“Internationally, measles and diphtheria will pop up around the world. Even with limited travel, they can make it into the United States,” Dr. O’Leary, an immunization expert at Children’s Hospital in Denver, said.


One concern is that if booster shots are missed — for diseases like measles, mumps and rubella for 4- and 5-year-olds, and tetanus and whooping cough, for 11-year-olds — immunity will begin to wane.

At 11, children should also receive their first meningitis vaccine. Preteens are recommended to get the HPV vaccine series, which protects against certain types of cancer. Vaccine Rates Drop Dangerously as Parents Avoid Doctor’s Visits, The New York Times
Covid concerns are overshadowing everything. To the extent that they’re driving a deeper wedge between federal and state.
Federalism under threat   Rohin

In both the US and India, Covid-19 is creating more fissures in already cracked relations between the federal and state governments. The scale of Covid-19’s impact on state economies, and thus the scale of their economic response, is something that defies all prior norms around federal-state fiscal relations.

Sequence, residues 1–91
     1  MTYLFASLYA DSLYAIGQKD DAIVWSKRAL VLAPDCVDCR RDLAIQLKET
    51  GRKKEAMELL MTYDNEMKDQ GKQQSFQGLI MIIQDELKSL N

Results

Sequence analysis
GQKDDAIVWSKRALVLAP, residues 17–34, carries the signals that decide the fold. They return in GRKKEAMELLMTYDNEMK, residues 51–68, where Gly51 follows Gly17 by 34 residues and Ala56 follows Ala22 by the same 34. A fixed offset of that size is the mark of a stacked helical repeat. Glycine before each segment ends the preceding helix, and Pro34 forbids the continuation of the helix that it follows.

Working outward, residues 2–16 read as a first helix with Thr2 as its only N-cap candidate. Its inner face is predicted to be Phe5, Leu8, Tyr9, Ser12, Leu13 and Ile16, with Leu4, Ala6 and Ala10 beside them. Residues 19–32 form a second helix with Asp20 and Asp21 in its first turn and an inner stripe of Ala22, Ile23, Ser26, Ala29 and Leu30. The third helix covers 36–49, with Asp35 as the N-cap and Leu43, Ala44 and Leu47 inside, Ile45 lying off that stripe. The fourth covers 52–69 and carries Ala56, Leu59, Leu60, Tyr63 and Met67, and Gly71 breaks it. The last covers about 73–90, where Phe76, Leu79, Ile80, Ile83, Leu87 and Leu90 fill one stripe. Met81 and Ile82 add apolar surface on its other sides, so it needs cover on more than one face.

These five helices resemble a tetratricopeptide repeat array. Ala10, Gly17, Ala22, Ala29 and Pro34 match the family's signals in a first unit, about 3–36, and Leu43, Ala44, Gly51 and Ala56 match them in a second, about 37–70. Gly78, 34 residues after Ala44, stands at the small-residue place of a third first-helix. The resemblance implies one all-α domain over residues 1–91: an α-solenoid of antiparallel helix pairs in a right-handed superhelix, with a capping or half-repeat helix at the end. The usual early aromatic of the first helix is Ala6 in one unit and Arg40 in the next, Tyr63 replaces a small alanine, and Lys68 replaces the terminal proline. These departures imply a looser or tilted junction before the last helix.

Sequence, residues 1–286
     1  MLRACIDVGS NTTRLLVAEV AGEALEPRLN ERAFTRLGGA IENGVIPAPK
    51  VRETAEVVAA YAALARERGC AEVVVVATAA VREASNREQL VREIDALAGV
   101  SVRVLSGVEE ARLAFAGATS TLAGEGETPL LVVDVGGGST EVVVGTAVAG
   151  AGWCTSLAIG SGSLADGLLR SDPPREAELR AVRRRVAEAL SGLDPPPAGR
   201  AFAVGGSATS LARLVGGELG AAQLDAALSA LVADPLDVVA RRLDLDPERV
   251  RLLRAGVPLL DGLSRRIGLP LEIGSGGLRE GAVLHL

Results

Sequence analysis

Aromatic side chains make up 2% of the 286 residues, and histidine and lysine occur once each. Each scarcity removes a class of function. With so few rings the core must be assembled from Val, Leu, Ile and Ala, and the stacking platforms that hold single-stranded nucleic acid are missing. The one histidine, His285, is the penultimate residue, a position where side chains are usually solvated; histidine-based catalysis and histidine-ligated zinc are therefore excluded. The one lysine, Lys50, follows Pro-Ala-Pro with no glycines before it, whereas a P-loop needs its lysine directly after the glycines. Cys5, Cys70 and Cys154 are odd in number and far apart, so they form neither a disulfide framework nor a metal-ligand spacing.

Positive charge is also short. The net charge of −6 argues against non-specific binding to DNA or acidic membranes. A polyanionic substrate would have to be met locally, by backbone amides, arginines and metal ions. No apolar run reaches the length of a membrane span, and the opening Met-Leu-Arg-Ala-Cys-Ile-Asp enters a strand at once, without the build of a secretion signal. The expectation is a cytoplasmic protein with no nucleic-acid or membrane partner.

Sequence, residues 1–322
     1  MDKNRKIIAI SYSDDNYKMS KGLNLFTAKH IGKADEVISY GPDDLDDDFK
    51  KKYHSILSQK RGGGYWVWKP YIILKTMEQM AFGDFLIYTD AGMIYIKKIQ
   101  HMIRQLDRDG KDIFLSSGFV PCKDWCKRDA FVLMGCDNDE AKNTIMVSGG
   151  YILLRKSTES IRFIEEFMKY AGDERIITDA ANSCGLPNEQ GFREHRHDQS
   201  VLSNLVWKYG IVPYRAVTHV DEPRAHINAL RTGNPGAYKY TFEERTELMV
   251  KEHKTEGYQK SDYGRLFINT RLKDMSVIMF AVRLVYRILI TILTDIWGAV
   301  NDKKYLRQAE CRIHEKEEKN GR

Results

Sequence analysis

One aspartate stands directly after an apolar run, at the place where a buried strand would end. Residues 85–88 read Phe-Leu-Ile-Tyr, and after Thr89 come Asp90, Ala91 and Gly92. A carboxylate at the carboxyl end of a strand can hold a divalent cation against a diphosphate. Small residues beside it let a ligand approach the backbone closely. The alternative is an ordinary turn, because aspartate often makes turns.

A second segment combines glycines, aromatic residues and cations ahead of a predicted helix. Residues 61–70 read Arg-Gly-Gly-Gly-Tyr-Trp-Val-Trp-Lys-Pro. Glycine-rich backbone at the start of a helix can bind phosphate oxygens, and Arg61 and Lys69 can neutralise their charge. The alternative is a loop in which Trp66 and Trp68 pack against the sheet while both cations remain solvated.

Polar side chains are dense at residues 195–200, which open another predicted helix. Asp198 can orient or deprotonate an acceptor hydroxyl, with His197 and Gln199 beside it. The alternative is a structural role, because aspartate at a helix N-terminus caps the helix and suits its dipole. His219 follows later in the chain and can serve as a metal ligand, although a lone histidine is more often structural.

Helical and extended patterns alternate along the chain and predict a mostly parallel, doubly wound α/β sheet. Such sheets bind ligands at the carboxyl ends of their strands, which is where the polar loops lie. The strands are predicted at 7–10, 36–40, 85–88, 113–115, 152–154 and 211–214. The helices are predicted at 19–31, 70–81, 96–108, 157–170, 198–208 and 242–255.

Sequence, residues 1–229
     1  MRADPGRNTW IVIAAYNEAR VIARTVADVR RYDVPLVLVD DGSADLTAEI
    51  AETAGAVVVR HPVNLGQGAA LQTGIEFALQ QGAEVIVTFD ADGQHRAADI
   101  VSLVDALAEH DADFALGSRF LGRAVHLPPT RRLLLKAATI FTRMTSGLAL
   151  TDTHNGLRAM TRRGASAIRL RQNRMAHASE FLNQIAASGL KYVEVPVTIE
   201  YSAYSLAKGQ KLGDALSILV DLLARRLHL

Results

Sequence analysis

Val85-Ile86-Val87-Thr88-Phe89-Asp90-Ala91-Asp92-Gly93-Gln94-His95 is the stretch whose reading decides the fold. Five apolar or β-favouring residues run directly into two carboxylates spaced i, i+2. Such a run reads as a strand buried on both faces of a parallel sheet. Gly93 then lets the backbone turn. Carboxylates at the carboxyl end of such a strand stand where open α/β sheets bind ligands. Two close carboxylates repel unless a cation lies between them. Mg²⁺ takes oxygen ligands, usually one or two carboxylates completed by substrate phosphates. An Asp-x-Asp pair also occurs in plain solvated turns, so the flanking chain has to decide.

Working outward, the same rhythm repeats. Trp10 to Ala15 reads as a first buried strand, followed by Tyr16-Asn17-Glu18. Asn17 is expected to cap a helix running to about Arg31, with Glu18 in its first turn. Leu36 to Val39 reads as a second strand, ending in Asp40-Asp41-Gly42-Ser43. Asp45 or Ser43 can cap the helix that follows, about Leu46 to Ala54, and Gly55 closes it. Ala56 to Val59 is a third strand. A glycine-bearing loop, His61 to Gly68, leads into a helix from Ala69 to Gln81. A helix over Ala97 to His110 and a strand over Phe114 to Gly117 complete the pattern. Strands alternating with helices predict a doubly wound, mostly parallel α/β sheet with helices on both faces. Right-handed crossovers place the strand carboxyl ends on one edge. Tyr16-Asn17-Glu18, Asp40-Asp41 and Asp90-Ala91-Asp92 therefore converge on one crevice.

Normally, states can neither print money nor directly borrow from international markets, as that is the job of the central bank and federal government. So, they must ask the federal government for additional aid and resources. 

This tension is amplified when there is a different political party at the state and centre. Like, say the Democrats in New York and Republicans at the centre in the US. Or, the Communists in Kerala and the BJP-led NDA coalition at the centre in India.

“The Centre is pushing the states in deep debt by levying exorbitant interest rates. This policy will demolish the basic financial structure of the states. This should be rectified,” said Kerala’s Finance Minister.

In the US, meanwhile, the Republican leader of its Senate suggested the (once) unthinkable—that states file for bankruptcy.
“I would certainly be in favor of allowing states to use the bankruptcy route,” he said. “It saves some cities. And there’s no good reason for it not to be available.”


The remarks drew a caustic reaction from Gov. Andrew M. Cuomo of New York, who called the bankruptcy suggestion “one of the saddest, really dumb comments of all time.”

“OK, let’s have all the states declare bankruptcy — that’s the way to bring the national economy back,” he said.   McConnell Says States Should Consider Bankruptcy, Rebuffing Calls for Aid, The New York Times
Praying for a solution? Well, you just have to do it indoors.
Keeping the (hi-tech) faith   Kay